Second, by taking Invisalign directly to the public without explaining its limitations, Align forces orthodontists to be “the bad guys” who more often than not have to give disappointing news to overly optimistic prospective patients. My practice statistics indicated that only one out of eight patients who come in hoping for Invisalign actually have problems that qualify for aligner therapy. The other seven would be treated to a better result with braces.
Third, because Invisalign appears easier to use than braces, dentists with little or no orthodontic training are now also offering orthodontic services to their patients. Since most of us trust the advice of our family dentist, rarely do we question when he or she recommends a new service. The results obtained by any doctor however are determined by his skills and experience. Eliminating brackets and wires does not eliminate the need for accurate diagnosis, treatment planning, and case management. Invisalign is simply a tool. Just because I can buy the same golf clubs as Tiger Woods does not mean that I can shoot the same scores as he does!
I use Invisalign in my orthodontic office. It is effective for mild and some moderate crowding and alignment cases. It is especially good for patients who have had previous orthodontic treatment but did not wear their retainers and have experienced some relapse. I like the fact that my patients can take out their aligners to eat and brush. Patients like it because it looks so much better than braces. So in many cases, Invisalign is actually my treatment tool of choice.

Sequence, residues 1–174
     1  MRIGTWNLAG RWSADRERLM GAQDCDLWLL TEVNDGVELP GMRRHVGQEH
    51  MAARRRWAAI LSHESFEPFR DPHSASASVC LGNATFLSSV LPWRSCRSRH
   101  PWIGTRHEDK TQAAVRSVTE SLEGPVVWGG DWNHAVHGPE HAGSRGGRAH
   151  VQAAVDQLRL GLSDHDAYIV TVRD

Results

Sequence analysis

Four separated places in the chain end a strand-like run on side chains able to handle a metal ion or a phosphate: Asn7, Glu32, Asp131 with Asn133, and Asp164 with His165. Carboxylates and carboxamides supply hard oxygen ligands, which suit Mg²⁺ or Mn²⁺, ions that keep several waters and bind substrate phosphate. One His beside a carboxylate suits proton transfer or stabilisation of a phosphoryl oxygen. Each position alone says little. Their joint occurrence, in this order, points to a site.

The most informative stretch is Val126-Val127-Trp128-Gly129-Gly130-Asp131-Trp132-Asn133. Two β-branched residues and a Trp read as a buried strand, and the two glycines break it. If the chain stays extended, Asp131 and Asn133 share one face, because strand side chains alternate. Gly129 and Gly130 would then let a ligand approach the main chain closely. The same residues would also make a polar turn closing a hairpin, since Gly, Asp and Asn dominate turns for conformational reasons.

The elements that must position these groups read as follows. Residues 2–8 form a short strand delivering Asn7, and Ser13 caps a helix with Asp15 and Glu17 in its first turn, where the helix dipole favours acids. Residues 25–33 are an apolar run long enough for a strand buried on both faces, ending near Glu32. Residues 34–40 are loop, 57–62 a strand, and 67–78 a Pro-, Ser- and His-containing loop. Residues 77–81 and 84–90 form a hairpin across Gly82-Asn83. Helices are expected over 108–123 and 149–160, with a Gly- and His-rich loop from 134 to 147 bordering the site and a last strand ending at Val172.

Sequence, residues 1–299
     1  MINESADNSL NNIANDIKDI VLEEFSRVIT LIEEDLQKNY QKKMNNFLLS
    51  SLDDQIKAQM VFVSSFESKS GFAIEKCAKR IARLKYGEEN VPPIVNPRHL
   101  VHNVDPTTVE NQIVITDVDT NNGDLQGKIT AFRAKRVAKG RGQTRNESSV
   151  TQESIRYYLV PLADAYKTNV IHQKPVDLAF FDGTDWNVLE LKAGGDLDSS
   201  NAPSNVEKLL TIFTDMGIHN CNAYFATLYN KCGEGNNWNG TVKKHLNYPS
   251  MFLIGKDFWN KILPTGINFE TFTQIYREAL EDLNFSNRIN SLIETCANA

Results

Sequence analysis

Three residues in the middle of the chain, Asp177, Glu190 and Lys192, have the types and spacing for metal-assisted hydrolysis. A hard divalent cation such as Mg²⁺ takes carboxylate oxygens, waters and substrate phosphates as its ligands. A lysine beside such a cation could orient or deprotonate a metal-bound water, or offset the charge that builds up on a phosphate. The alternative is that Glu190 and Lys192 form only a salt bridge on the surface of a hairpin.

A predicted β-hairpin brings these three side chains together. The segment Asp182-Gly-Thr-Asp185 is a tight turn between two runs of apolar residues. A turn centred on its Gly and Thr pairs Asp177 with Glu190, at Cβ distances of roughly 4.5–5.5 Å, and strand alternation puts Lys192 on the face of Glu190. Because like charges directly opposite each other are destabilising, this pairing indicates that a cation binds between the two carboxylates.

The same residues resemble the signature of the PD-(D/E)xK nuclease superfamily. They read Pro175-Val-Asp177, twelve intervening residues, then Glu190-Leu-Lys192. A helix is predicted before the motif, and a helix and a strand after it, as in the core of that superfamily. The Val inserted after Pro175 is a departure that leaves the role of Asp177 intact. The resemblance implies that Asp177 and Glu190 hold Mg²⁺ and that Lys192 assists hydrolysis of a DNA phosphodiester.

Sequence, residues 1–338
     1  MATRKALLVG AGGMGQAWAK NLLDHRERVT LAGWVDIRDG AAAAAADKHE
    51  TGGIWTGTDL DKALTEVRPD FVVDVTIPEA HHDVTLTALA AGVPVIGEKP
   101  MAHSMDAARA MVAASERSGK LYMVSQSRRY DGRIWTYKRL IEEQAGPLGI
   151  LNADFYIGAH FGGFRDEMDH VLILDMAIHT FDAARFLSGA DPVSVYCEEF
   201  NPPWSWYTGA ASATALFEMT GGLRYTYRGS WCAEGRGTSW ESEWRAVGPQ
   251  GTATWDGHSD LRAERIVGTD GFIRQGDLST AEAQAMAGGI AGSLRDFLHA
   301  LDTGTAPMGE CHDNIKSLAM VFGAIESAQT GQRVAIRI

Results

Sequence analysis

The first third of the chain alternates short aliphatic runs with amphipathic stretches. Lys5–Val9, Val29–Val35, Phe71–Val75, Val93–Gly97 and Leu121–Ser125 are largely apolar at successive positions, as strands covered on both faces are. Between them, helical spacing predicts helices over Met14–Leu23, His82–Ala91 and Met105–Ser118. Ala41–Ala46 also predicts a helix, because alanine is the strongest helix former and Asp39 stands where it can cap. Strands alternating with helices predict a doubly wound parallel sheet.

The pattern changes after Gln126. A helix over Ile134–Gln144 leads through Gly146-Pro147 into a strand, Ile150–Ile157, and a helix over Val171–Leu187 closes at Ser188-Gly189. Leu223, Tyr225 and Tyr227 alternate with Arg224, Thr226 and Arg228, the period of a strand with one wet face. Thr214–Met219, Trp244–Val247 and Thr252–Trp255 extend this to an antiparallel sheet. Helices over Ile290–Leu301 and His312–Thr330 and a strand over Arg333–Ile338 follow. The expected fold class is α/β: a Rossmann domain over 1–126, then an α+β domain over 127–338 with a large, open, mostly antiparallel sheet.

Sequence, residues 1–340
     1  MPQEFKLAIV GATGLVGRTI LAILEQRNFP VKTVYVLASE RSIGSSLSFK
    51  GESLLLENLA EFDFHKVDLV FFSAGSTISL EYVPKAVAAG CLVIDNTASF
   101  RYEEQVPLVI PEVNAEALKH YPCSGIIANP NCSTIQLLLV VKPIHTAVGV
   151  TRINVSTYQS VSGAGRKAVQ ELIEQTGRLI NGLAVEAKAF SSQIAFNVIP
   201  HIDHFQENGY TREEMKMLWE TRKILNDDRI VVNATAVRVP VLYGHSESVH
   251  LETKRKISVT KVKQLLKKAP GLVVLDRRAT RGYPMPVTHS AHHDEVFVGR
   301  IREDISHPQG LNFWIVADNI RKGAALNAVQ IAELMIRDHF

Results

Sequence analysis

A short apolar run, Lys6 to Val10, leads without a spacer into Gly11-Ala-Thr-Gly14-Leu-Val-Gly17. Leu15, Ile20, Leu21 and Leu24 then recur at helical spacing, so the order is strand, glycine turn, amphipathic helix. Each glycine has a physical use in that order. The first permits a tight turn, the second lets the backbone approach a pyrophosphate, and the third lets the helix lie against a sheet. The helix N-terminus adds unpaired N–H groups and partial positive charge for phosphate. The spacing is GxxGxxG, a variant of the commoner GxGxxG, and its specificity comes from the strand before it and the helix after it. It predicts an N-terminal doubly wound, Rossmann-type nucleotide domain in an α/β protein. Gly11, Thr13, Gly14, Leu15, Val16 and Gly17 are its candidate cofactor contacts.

If Invisalign isn’t appropriate for your particular problem, what other options do you have? The most tried and true, economical alternative is clear braces. They have been around a long time and are now better than ever! Modern manufacturing techniques have overcome practically all of the long-standing weaknesses that have plagued previous generations of clear brackets. Today’s appliances are stronger, smaller, and do not stain like previous models. They can be used for the exact same complex movements as metal brackets and move the teeth just as efficiently. The only drawback is they still cost your orthodontist more to purchase (which he must pass on to you).
So if you are dead set against metal braces, you now have three options. Invisalign might be perfect for you if your problems are only mild. If you want the ultimate invisible treatment, you should consider lingual braces—which we use the Incognito system. If you want the most cost-effective esthetic alternative to “railroad tracks” that can actually move your teeth like metal however, ask your orthodontist to show you today’s clear braces. I think you’ll be impressed!